5. 5. Immobilized Plant Cells 67 nutrients and cell products. Hollow fibre membrane reactors were originally developed for animal cell culture, but have been successfully used with plant cells. Prenosil and Pedersen (1983) have described their use for the culture of cells of Glycine max, Daucus carota and Petunia hybrida. A concentrated suspension of cells is introduced into the shell side of the reactor and medium, aerated in a separate reservoir, is circulated through the fibres. The fibre membrane provides a barrier against bacterial and other contaminants and the plant cells grow in the extra fibre spaces, without disrupting the integrity of the fibres. Other membrane reactor systems have been used by Shuler and coworkers (1986) for the production of phenolics from Nicotiana tabacum and for the production of caffeine from Coffea arabica (Lang et a/., 1990). Such reactors have several advantages, including good control of fluid dynamics and flow distribution (Shuler et a/., 1984), and the inherent advantage of using a membrane, of improved protection against contamination. However, membrane reactors are also expensive, liable to fouling, have problems with gas transfer and are also difficult to inoculate (Shuler et al., 1986). A flat bed reactor design was employed by Lindsey and Yeoman (1983), where cells were seated on a substratum of polypropylene foam matting, for the production of capsaicin from Capsicum frutescens. This work was taken further in the development of a system of immobilization using reticulate polyurethane foam (Lindsey et al, 1983) and in reactor design for use with this method of immobilization. Initially these bioreactors were in the form of circulating beds of particulate foam (Mavituna et al, 1987), but this was later adapted to a design using sheets of foam (Park, 1986). In this design the sheets were suspended as vertical baffles in a stirred reactor, so that the plant cells were incorporated into the network by the stirring to give solid sheets of cells. Sheets of stainless steel mesh have also been used in this type of bioreactor (Park, 1986). The main advantage of bioreactors using polyurethane foam or stainless steel mesh is the simplicity of the immobilization step, which is carried out in situ in the bioreactor vessel, decreasing the risk of contamination and reducing the problems of scale-up (Mavituna et al, 1987). 5.3 CHARACTERISTICS OF IMMOBILIZED PLANT CELLS 5.3.1 Viability of Immobilized Plant Cells It is important to know whether a particular method of immobilization adversely affects the biosynthetic ability of the plant cells and if not, how long this ability can be maintained. Except for the very simple biotransformations, the formation of the required compounds depends on sustaining the viability of the cells after immobilization. However, the definition of 'viability' can be subjective, and in this context all that is required may be that the cells are capable of producing a specific metabolite. The inability to biosynthesize the compound of interest does not necessarily imply that the cells are not viable; usually there are various other reasons, often unknown. Therefore, especially in the cases of failure to obtain the product, the viability of the cells after immobilization and during employment should be checked. The methods used to test the viability include staining, measurement of growth, cell division, respiration, substrate uptake, plasmolysis and NMR spectra. Staining The most commonly used staining techniques are the uptake and hydrolysis of fluorescein diacetate (FDA) (Widholm, 1972) or phenosafranin, exclusion of Evans blue, or the triphenyl tetrazolium chloride (TTC) method (Towill and Mazur, 1975). However, care is needed in the quantification of viability based on FDA and Evans blue staining results. If the cells are in aggregates, it will be the outer shell which can be observed for staining. It is difficult to view the interior of the aggregate without inflicting some damage on the cells. Therefore, for the immobilized or aggregated cells the TTC method, which is based on the production of red formazan, may give more reliable results. However, Law and Mavituna (1990) have suggested that the FDA and TTC methods may yield varying results depending on the physiology of the cultures and the medium composition. Lindsey (1982) used FDA to test cell viability after the immobilization of various cultures in alginate, agar and reticulate polyurethane foam matrix and compared the results with the viability of suspension and flatbed cultures. The best results were obtained with polyurethane foam immobilization at 70-80% viability and worst were with agar entrapment at 50-60% viability. Using FDA, Wilkinson et al. (1990) found that a suspension of Capsium frutescens cells in batch culture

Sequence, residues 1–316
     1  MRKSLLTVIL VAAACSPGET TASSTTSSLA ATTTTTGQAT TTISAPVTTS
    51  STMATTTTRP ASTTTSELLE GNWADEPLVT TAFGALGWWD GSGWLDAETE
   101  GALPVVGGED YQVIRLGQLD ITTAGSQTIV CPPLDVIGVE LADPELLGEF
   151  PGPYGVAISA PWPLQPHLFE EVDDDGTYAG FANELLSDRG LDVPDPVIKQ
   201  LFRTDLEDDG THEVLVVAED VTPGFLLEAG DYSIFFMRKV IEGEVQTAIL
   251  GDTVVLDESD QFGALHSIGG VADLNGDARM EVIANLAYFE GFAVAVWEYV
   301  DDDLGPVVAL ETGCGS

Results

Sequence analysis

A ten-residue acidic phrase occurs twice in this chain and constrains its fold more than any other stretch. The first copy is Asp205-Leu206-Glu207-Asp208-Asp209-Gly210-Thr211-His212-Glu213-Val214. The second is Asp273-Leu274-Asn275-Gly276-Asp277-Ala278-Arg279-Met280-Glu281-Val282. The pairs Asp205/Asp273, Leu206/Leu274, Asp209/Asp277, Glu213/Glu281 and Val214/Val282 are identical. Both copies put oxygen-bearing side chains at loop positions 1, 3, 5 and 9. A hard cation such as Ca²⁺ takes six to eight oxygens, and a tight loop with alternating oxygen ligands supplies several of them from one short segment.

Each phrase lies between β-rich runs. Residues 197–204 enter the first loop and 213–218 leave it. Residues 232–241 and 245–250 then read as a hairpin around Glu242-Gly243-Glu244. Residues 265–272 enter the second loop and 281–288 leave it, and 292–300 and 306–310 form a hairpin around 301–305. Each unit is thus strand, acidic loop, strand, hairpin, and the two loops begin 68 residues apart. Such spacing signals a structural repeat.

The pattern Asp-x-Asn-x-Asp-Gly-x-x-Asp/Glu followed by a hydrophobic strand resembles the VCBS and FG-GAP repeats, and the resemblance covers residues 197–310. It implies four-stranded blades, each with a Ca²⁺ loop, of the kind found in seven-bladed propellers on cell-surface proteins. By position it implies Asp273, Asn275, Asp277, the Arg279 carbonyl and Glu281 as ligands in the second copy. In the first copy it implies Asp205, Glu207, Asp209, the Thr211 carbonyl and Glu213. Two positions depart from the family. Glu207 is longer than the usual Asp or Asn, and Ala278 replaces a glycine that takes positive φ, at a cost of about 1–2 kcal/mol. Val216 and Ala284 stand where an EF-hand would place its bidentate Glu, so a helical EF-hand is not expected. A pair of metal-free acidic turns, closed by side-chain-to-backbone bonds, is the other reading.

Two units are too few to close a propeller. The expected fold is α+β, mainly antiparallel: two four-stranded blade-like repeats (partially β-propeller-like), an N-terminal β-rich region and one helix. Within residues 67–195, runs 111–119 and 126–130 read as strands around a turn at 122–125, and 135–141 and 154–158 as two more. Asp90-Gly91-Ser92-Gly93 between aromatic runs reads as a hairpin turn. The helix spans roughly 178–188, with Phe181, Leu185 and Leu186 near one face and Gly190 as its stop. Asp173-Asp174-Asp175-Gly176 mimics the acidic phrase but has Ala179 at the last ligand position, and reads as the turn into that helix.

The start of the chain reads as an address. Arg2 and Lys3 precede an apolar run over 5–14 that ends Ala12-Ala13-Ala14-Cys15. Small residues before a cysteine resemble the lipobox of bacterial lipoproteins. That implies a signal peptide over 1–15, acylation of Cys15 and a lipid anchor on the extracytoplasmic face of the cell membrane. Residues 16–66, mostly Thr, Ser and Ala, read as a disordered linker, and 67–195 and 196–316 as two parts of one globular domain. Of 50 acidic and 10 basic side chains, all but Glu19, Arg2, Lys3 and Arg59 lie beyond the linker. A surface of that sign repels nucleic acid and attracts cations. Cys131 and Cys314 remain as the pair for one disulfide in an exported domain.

6. 6. 68 Systems for the Exploitation of Cell Cultures were almost completely dead eight weeks after inoculation, whereas the cells immobilized in Polyurethane foam matrix remained over 90% viable in batch culture for over 12 weeks, without any change in medium. Respiration and substrate uptake Oxygen consumption and carbon dioxide evolution rates, as well as uptake rates of other nutrients from the medium, such as sucrose, phosphate, nitrate and ammonium, by the immobilized cells, have been compared with the rates obtained from freely suspended cells as a measure of viability after immobilization. Such comparisons, however, should be based on specific rates or the same amount of plant cells in immobilized and suspension cultures. The comparison is further complicated by the fact that the observed rates in immobilized cell systems can be lower than those in suspension cultures, not only because of a possible lowering of viability but also as a result of diffusional limitations in the immobilization matrix (Brodelius, 1988; Rho et al, 1990; Robins et al, 1986; Wilkinson et al, 1990). Brodelius (1985b) has shown that the relative respiration of C. roseus immobilized in alginate increases after dissolving the polymer. Brodelius and Nilsson (1980) have observed respiratory activity and growth of C. roseus immobilized in alginate, agar, agarose, and carrageenan but not in gelatin, polyacrylamide, alginate-gelatin or agarose-gelatin. Nakajima et al. (1985) used respiration measurements for the cell viability of Lavandula vera entrapped in agar, carrageenan and alginate, which produced blue pigments. The uptake of phosphate, nitrate, ammonium and sucrose by Capsicum frutescens immobilized in a polyurethane foam matrix has been studied by Lindsey and Yeoman (1984). After a lag phase of four days all four nutrients were removed from the medium at approximately linear rates. In the case of alginate-entrapped cells, phosphate is sequestered by calcium ions present in the gel, as evidenced by the removal of about 17% of the total phosphate over a nine day period by cell-free alginate particles (Lindsey, 1982). Growth and division Growth and cell division are the most important criteria indicating cell viability, even if they may not be desirable in an immobilized cell system. It is very difficult to measure the number of cells in an immobilized or aggregated state. As a measure of cell division, Brodelius (1985a, 1985b) suggests cutting thin slices of gel-entrapped cells and, after fixation, staining the chromosomes with carbol-fuchsin. Subsequently the red-stained nuclei are counted under the microscope and, out of at least 500 nuclei, those in mitosis are determined and expressed as a percentage of the total. Parr et al (1984) have developed a nondestructive method to determine the volume of space occupied by intact cells in an immobilization matrix. Their method relies on determining the differential dilutions of two molecules, one excluded by the plasmalemma, such as 14C-labelled, nonmetabolizable saccharide, and the other molecule able to diffuse freely throughout the cell, such as 3 H water. The method differentiates between the live and dead cell volume due to the presence or otherwise of intact plasmalemma. The 'viable volume' is that part expressed as a percentage of a defined space which excludes mannitol but is accessible to water. The method gave a close correlation with the dry weight during the growth and expansion phase of Beta vulgaris immobilized in a reticulate foam matrix, and much more accurately indicated necrosis in later phases. Straightforward fresh and dry weight determinations are widely used, assuming the dry weight of the matrix stays constant during incubation and drying. NMR spectra Phosphorus nuclear magnetic resonance (NMR) is a noninvasive technique for the study of intracellular metabolism. The levels of the major phosphorylated metabolites, such as ATP, and the uptake and storage of inorganic phosphate in different intracellular compartments can be monitored. Furthermore, the cytoplasmic and vacuolar pH values can be directly obtained from the spectra (Brodelius and Vogel, 1984). Brodelius (1985a) gives the 3 1 P NMR spectra of free, agarose-entrapped and alginate-entrapped C. roseus cells, which are very similar.